• sticks435 - Wednesday, May 22, 2013 - link

    No, DDR4 will most likely debut on the new Enthusiast boards (X79 or X89 or X99). It will be either 2014 or 15 before we see it on mainstream boards. Reply
  • Death666Angel - Wednesday, May 22, 2013 - link

    Haswell doesn't seem to support DDR4. The memory support is based on the CPU since a few generations back, not the motherboard/chipset anymore. Haswell-E might support DDR4 by the looks of it. Reply
  • Sm0kes - Wednesday, May 22, 2013 - link

    Really interested to see if Thunderbolt can make any meaningful advances..... if not this year, i suspect this will be dead technology. Was really looking forward to seeing eGPU's become a reality. Reply
  • xTRICKYxx - Wednesday, May 22, 2013 - link

    Thunderbolt only has a PCI x4 access so a AMD Radeon HD 6670 is going to fully saturate it....

    I want to believe Intel will fix this so eGPU's can succeed!
    Reply
  • Jaybus - Thursday, May 23, 2013 - link

    Haswell uses the same x4 configuration, but with PCIe 3.0 and a bandwidth of 20 Gbps. Since that matches the current max Thunderbolt spec, why would they use more than 4 lanes? There simply isn't a lot of headroom for going > 20 Gbps over copper without limiting the cable length to only a few cm..They are working on silicon photonics to integrate a chip level optical interconnect to make optical Thunderbolt cheap enough, but until then there just isn't much need for more than 4 PCIe 3.0 lanes. Reply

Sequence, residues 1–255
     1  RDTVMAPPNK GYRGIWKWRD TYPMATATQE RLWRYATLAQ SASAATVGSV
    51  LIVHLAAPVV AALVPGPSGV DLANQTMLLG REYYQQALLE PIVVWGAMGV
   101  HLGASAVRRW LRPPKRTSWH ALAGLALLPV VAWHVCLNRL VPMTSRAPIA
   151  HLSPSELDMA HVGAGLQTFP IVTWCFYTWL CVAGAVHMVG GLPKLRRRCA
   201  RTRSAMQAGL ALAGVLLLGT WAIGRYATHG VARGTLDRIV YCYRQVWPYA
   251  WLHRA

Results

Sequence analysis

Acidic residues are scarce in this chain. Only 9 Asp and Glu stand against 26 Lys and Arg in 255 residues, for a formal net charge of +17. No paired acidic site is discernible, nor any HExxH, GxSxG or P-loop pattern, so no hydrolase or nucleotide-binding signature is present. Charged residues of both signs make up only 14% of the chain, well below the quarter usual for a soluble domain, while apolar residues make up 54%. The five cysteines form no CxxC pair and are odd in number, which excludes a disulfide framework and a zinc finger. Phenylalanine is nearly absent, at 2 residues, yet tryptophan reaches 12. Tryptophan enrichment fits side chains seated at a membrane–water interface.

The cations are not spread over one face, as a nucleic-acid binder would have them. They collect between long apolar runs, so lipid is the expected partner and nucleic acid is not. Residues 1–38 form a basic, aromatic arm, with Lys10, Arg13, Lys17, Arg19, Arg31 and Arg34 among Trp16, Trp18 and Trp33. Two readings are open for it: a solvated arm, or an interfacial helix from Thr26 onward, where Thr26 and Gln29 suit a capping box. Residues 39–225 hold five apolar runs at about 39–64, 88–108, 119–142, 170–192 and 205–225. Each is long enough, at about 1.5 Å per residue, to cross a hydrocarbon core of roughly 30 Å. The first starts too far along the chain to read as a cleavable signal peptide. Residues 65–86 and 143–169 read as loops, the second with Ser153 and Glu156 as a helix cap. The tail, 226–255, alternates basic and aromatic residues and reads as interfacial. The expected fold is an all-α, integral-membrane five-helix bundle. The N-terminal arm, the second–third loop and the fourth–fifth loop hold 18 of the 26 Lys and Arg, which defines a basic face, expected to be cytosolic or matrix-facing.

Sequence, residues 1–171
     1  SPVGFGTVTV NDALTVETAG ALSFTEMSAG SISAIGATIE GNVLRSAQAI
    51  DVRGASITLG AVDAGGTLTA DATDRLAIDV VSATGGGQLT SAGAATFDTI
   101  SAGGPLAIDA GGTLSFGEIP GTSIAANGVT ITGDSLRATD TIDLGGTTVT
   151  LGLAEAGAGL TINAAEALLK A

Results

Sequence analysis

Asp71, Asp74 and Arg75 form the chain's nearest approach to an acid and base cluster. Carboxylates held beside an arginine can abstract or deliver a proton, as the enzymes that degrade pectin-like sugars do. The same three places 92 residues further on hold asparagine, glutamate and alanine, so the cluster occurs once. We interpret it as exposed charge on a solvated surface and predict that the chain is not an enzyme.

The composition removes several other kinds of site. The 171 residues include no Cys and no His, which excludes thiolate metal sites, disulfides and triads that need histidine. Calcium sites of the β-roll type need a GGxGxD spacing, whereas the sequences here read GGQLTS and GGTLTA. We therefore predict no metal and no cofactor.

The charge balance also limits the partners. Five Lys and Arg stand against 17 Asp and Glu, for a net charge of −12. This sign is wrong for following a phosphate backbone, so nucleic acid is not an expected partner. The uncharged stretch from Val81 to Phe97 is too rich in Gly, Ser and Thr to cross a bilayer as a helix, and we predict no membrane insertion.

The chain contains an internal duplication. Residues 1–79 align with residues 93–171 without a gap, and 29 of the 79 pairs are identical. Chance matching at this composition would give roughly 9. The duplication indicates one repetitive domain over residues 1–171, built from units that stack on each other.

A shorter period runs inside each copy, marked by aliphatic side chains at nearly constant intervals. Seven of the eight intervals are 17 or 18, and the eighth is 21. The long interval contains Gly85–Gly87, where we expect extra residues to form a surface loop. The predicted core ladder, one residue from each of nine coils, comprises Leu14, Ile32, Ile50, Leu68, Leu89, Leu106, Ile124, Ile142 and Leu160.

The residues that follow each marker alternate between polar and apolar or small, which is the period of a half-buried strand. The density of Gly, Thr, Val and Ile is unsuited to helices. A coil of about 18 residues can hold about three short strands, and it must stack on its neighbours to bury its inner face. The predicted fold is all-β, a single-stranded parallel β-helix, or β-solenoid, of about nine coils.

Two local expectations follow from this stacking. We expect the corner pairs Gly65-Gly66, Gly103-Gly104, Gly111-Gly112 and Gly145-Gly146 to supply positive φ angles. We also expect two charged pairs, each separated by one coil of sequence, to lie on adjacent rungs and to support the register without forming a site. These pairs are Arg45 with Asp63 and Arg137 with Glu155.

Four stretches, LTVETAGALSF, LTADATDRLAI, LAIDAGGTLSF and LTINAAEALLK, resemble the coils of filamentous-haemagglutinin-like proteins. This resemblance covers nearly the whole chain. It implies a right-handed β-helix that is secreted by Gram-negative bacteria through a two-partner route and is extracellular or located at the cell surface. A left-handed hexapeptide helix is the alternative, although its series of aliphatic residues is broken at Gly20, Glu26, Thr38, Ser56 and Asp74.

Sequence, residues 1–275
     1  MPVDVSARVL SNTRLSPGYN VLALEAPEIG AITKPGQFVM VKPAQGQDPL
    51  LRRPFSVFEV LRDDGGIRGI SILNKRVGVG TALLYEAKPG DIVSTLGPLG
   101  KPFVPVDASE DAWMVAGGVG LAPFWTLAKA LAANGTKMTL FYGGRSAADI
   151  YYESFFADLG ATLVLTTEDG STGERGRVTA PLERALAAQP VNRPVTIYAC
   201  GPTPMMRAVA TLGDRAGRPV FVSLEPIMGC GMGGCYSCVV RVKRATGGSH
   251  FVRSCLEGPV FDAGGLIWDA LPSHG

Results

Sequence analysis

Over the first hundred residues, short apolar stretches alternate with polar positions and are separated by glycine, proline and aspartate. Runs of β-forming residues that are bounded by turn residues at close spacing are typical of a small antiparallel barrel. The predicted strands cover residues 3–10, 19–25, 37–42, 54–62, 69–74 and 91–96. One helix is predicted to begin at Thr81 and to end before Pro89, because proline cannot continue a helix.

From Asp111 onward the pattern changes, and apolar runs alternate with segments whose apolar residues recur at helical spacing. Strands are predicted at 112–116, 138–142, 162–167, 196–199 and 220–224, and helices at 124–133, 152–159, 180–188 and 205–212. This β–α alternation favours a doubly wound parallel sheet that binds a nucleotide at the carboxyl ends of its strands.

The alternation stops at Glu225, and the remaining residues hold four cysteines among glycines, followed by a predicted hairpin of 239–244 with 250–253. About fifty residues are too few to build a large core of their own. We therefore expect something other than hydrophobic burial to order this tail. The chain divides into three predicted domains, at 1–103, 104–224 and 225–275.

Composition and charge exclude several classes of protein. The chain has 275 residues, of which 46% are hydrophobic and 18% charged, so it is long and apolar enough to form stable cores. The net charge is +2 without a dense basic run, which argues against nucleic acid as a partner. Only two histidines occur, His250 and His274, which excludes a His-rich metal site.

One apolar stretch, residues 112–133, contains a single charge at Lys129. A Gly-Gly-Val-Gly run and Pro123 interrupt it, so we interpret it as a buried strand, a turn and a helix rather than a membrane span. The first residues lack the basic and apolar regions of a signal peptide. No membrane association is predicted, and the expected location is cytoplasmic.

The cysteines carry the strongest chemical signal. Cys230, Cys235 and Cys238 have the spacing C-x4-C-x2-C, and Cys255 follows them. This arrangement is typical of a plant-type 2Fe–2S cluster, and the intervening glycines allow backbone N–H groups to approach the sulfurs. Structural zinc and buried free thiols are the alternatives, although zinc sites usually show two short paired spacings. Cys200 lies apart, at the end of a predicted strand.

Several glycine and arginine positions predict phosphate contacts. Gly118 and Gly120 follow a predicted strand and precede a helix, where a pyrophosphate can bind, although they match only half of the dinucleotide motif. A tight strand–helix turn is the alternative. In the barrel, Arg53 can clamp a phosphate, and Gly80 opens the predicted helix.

• bobbozzo - Wednesday, May 22, 2013 - link

    on P1, "Within that is the cost for the chipset (a not-significant cost)"

    Do you mean not-INsignificant?

    thanks for the article!
    Reply
  • Death666Angel - Wednesday, May 22, 2013 - link

    Well, any of the mATX motherboards look good. My preferred brand is Gigabyte for the good value and performance. Asus usually when I have the money laying around and want a feature or two they offer. AsRock is also good if they are competitive with Gigabyte by being cheaper or offering more for the same money. The other manufacturers I have little experience or dodgy experience with. :D
    I would like a mATX with good overclocking, Intel NICs, decent onboard sound, 8 SATA connectors and maybe mSATA. I don't need wifi, more than 8 SATA, more than 2 USB 3.0, LCDs, reset/power buttons onboard, SLI/CF support or anything fancy like that.